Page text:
New York City Game
It’s a jungle, not a fairway. A jagged, stone forest of hard grey and black. Everything’s paved, built up, built on, built out or on its way to being one of the above. There’s the odd vacant lot, but they’re not vacant for long, and the straggling patches of glass- and wire-strewn weeds are never replaced with putting greens. It’s not like there’s enough space to golf on any of them. And yet there are so many golfers here, moving and working among the 8.3 million people that inhabit the 302 square miles that is New York City.
Despite living in the greatest city in the world (as far as we’re concerned) New York City golfers have less green space in which to hit than any small-town resident; like shoebox-sized apartments, it’s just one of the sacrifices people make to live here. The irony is that New York City has more claim to the game than any other U.S. city—you might even say American golf started here. True: the game had existed in the States for 20 years by the time New York City got its first course. But when it did, it wasn’t just New York’s first course; it was everybody’s first course: Van Cortlandt, the first public course in the United States, opened in 1895. In the years surrounding its debut, New York City was the center of the golf universe, the birthplace of the USGA, the PGA of America, numerous regional clubs, tournaments and pros. Today, Van Cortlandt is still going strong, and still everybody’s golf course. Like the city itself, any changes have been superficial; the spirit of the place is still intact. Whether or not you think NYC is the center of the universe likely depends on if you’re a resident or not, but whatever your opinion it’s worth reevaluating the city as a golfers’ destination. There may not be a lot of green space, but New York golfers have adapted with modern driving ranges and practice facilities, top-of-the-line training opportunities and a host of city options that keep the game very much alive year-round. Just don’t dawdle too much when you’re playing—otherwise one of the kindly gentlemen in the foursome behind you might have to ask you politely to please increase your pace of play.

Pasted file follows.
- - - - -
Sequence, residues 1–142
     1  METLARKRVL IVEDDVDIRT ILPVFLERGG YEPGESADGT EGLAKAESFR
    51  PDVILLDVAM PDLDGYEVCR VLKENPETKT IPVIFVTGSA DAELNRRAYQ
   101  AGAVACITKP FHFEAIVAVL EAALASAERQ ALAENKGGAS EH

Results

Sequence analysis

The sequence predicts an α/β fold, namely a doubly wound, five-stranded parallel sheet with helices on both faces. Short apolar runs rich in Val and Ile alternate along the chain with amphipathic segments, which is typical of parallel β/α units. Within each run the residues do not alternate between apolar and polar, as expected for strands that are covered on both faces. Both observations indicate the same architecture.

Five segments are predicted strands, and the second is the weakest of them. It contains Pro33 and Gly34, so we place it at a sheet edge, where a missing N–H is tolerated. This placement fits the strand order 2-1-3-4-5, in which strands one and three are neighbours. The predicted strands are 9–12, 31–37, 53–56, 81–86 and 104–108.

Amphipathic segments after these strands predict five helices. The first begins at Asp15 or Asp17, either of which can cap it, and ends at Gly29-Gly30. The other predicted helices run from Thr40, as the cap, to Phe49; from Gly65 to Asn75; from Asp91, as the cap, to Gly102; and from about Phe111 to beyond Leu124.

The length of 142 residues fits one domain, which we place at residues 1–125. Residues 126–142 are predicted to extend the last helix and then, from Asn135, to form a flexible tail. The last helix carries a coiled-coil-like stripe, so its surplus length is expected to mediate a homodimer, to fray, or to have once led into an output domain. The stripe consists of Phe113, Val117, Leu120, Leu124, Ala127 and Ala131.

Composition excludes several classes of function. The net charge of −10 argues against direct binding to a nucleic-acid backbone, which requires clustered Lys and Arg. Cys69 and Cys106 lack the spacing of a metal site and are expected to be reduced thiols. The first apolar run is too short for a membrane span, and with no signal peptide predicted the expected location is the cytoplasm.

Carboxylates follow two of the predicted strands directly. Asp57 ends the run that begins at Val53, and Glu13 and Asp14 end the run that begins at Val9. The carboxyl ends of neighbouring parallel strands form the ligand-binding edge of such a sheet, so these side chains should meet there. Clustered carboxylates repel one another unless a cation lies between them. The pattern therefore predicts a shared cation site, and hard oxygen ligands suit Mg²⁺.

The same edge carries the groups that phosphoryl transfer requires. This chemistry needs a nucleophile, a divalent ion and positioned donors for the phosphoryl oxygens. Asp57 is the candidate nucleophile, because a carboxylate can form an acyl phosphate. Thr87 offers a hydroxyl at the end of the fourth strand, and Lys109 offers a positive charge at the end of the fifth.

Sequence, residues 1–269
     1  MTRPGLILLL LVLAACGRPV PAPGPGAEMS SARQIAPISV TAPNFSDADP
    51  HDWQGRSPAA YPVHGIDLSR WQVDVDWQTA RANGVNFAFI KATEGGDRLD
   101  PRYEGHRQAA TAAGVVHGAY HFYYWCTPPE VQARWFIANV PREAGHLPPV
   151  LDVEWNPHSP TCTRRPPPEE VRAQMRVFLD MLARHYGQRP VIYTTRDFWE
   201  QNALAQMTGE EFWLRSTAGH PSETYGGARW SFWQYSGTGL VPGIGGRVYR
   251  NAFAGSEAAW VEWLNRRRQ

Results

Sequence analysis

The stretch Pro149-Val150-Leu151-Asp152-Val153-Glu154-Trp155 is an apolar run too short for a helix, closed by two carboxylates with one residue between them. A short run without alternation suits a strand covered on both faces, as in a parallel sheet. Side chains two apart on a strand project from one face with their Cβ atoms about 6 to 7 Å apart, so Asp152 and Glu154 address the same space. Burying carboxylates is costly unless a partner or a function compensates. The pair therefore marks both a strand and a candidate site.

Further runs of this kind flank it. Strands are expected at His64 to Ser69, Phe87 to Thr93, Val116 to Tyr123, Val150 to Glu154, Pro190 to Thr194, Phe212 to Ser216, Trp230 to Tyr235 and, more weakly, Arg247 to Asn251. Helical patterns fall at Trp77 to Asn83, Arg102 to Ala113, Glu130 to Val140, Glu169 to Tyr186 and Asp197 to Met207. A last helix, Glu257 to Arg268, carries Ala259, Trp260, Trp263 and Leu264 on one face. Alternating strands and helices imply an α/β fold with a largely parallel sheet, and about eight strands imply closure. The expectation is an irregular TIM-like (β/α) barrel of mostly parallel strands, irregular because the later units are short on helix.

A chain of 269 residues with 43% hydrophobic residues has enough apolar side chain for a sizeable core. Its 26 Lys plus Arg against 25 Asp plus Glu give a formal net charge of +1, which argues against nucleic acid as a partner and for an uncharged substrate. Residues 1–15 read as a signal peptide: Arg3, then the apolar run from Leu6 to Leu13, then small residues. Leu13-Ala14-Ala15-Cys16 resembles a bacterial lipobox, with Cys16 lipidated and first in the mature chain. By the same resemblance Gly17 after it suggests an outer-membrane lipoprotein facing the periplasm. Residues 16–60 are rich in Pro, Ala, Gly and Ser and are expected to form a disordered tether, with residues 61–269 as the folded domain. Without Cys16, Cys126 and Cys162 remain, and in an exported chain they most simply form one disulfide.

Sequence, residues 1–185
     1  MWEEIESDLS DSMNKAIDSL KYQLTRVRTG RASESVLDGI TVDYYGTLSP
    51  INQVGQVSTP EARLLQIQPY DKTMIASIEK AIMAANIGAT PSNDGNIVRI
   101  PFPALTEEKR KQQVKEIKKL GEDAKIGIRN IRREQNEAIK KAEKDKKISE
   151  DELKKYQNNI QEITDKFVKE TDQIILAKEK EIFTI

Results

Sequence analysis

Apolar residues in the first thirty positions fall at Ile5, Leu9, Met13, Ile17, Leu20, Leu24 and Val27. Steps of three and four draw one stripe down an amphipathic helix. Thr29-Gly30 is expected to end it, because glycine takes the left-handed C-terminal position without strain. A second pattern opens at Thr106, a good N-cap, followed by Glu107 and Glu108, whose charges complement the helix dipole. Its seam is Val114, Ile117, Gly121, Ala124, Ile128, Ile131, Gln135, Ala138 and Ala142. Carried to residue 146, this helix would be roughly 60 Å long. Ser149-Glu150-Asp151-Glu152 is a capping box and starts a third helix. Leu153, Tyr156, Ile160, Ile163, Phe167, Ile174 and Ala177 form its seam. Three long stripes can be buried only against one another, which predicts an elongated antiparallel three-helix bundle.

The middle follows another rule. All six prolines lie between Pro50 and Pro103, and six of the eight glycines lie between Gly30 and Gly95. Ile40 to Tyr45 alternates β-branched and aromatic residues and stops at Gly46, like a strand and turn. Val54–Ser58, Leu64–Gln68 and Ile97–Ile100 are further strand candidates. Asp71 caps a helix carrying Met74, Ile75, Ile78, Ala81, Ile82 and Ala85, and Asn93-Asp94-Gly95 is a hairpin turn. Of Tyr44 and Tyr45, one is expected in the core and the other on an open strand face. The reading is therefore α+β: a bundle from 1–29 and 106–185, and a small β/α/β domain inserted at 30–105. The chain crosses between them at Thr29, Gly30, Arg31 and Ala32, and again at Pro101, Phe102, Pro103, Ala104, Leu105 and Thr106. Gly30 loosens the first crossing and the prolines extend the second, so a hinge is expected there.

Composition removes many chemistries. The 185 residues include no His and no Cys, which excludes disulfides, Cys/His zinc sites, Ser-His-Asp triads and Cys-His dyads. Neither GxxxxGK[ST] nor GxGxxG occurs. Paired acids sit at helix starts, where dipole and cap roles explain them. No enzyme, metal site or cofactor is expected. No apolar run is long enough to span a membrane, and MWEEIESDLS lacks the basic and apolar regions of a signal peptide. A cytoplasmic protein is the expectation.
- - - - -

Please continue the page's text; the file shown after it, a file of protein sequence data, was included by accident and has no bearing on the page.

Or he’ll just smack a golf ball at your head.
“You don’t need to know how to play golf; you don’t even need to play it to get a lot of fun out of the ancient and honorable game. Just go up to Van Cortlandt Park, where the public links are open almost the year round.” So reported a 1910 New York Times piece entitled “Humors of Golf as Played at Van Cortlandt Park,” which turned a rather unkind eye on the golfers at what was then one of three public courses in the city (Forest Park in Queens and the Bronx’s Pelham Bay were the other two).
Golf had been all the rage for years by the time the Times piece was published, and it had some sort of presence as early as 1796, evidenced in an ad that year in the Royal Gazette of New York City for golf clubs and balls. But it really exploded in the late 19th century with the emergence of proper clubs like the Quogue Field Club, located in the Hamptons on Long Island, and the Saint Andrew’s Golf Club in Yonkers, just north of the city, both of which are still in operation. In the city proper, visitors even enjoyed mini-golf on tony hotel rooftops, like that of the Hotel Victoria in Manhattan. In 1894 the game got serious when representatives from the major clubs in the northeast converged on New York City and formed what would eventually become the USGA. Also in 1894 America’s first golf magazine, The Golfer, was published. The following year, hoping to get golf within New York City limits, a group of local businessmen who called themselves The Mosholu Golf Club attempted to get the city to co-fund construction of a private club at Van Cortlandt Park, which had been named for the city’s first native-born mayor. The plan backfired somewhat in that the city did help build the course, but refused to close it to the public. Thus, the first public course in the United States opened July 6, 1895. The charming 9-hole (five years later it was an 18) had cost $624.80 to build—but there was no charge to play. This, along with having no set rules, quickly led to mobs and unruly behavior. Local papers bemoaned “the poor playing conditions, the unmanageable crowds, and a general lack of golf etiquette” (and they haven’t stopped since).